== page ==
Wednesday, April 8, 2009

Protests haunt Thai exports, tourism

Thursday, 09 April 2009 01:02

Thailand, the world’s biggest supplier of rubber and rice, said it may miss its 2009 export target as a currency that hasn’t weakened as much as its neighbors’ and escalating antigovernment protests hurt orders.

“The revived political unrest in Thailand is coming back to haunt exports and tourism,” Deputy Commerce Minister Alongkorn Ponlaboot said in an interview in Bangkok today. “If we get zero growth, I would consider that a very good job.”

Thailand, facing its first recession in a decade, earlier predicted export growth of between zero percent and 3 percent this year, from a 15.6-percent pace in 2008. About 20,000 people have assembled outside Prime Minister Abhisit Vejjajiva’s office today, demanding an early election.

The protesters, joining those who had surrounded Government House since March 26, are also seeking the ouster of King Bhumibol Adulyadej’s top adviser, whom they accuse of masterminding a coup against former premier Thaksin Shinawatra.

Protests that toppled the previous government led by Thaksin’s allies last year led to a weeklong seizure of Bangkok’s main airport as well as strikes by train and port officials, prompting delays in goods shipments for several days.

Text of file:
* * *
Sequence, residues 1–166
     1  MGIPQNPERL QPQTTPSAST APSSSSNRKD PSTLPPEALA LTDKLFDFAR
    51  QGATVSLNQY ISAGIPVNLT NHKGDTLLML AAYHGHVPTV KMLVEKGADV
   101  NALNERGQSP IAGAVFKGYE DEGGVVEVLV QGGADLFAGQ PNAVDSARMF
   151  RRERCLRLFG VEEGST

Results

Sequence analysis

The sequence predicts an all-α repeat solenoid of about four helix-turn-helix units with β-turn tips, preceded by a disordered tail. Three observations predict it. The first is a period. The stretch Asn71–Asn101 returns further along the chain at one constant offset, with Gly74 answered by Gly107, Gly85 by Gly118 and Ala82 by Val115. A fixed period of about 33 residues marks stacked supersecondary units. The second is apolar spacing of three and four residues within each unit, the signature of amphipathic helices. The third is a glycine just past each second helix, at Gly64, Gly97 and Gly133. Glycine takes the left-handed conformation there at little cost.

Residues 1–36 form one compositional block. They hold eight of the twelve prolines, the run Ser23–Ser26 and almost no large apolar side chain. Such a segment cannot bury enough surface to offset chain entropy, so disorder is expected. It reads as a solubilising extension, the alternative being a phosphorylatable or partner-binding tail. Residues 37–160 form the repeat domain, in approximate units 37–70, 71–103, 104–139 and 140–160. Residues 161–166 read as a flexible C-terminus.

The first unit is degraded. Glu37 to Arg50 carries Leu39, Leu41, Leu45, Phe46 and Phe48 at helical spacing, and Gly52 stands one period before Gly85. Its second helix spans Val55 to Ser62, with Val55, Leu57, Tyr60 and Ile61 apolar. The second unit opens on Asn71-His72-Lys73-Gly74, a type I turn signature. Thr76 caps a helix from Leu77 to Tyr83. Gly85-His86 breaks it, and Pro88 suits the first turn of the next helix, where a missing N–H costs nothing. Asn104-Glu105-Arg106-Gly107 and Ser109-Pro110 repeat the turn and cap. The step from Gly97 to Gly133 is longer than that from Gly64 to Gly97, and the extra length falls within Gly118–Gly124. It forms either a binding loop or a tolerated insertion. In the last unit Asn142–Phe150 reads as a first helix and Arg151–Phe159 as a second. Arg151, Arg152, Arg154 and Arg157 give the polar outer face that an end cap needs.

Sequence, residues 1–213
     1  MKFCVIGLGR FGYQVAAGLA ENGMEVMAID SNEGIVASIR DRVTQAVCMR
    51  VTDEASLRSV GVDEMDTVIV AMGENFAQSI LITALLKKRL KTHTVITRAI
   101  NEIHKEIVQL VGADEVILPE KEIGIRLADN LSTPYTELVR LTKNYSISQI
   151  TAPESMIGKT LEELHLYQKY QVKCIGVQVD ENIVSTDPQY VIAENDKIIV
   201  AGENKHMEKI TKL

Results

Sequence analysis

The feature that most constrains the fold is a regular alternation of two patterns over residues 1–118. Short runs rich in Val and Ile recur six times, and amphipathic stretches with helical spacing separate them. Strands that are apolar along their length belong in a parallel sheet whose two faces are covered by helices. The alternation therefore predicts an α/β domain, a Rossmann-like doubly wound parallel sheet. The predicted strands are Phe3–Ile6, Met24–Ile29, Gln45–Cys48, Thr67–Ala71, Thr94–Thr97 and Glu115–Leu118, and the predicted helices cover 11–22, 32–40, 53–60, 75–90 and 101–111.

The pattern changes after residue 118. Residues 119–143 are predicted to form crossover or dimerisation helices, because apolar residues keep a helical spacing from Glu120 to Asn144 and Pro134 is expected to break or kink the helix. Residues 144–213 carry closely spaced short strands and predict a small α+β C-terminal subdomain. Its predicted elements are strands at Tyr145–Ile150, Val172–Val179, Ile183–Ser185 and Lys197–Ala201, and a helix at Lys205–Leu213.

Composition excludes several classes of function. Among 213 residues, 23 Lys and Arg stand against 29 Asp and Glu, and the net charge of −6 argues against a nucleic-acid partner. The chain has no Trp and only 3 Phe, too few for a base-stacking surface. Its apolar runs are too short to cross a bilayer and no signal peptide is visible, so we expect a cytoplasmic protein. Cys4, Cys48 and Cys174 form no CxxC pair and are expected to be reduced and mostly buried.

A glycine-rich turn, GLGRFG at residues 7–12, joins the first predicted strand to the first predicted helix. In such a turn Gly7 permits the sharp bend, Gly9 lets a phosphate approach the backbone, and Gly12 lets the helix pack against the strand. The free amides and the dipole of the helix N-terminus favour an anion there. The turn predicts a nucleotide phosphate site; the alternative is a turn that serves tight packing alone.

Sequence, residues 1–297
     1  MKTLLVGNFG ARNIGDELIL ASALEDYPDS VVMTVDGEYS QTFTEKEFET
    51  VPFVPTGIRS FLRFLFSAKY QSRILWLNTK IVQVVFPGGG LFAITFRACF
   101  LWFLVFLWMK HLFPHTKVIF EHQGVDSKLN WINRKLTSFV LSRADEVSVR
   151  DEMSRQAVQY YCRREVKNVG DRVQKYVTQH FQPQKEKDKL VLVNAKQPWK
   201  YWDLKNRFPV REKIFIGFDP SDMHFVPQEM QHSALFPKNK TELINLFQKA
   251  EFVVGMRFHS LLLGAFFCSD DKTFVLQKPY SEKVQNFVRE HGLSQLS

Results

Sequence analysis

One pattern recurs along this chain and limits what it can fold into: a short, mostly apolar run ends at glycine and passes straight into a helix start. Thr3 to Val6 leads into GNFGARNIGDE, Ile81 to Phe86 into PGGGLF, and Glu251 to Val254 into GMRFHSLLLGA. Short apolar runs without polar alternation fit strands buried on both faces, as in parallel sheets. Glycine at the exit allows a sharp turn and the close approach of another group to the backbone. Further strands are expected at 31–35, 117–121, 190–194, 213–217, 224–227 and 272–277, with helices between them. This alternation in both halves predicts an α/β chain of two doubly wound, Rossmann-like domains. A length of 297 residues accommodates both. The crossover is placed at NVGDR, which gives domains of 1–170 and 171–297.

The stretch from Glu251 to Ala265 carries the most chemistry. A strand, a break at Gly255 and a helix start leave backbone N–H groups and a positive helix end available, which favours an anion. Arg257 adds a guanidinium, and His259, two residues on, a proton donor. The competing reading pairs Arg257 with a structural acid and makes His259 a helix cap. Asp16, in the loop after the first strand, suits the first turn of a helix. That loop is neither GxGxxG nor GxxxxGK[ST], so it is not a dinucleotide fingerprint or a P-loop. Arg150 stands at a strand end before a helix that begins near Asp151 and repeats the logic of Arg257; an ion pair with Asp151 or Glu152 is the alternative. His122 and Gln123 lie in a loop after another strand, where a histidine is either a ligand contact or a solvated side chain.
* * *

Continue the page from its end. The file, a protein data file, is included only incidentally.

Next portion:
The Thai currency fell on concern protests against Prime Minister Abhisit’s government will worsen, deterring investment needed to counter an economic slump. The baht slipped 0.3 percent to 35.57 per dollar as of 12 p.m. in Bangkok, according to data compiled by Bloomberg.

The baht has fallen 2.4 percent this year against the US dollar, the fourth-best performer among 10 Asian currencies outside Japan. South Korea’s won has slipped 7 percent, while the Singapore dollar fell 5.9 percent.

Alongkorn said the baht should weaken further to about 37- to 38-baht a dollar to help boost exports. Any further cut in the central bank’s benchmark-interest rate won’t significantly weaken the currency, he said.

The Bank of Thailand will announce its interest-rate decision in Bangkok later today. Bloomberg

IN PHOTO -- Container ships are loaded with export goods at Klong Thoei port in Bangkok, Thailand, in this file photo. Thailand’s economy shrank more than expected in the fourth quarter as exports and tourism slumped, pushing the country closer to its first recession in a decade. Bloomberg

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